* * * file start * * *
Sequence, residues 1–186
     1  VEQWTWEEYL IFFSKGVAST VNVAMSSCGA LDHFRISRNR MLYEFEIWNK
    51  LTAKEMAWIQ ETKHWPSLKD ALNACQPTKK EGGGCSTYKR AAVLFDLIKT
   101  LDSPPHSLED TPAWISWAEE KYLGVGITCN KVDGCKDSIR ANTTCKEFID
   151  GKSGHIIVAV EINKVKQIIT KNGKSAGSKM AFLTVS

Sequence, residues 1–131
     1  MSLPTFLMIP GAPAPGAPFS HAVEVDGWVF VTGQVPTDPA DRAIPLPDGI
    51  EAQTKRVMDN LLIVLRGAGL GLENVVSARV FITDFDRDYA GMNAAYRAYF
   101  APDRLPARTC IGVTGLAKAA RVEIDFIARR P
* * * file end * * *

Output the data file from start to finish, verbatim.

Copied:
Sequence, residues 1–186
     1  VEQWTWEEYL IFFSKGVAST VNVAMSSCGA LDHFRISRNR MLYEFEIWNK
    51  LTAKEMAWIQ ETKHWPSLKD ALNACQPTKK EGGGCSTYKR AAVLFDLIKT
   101  LDSPPHSLED TPAWISWAEE KYLGVGITCN KVDGCKDSIR ANTTCKEFID
   151  GKSGHIIVAV EINKVKQIIT KNGKSAGSKM AFLTVS

Sequence, residues 1–131
     1  MSLPTFLMIP GAPAPGAPFS HAVEVDGWVF VTGQVPTDPA DRAIPLPDGI
    51  EAQTKRVMDN LLIVLRGAGL GLENVVSARV FITDFDRDYA GMNAAYRAYF
   101  APDRLPARTC IGVTGLAKAA RVEIDFIARR P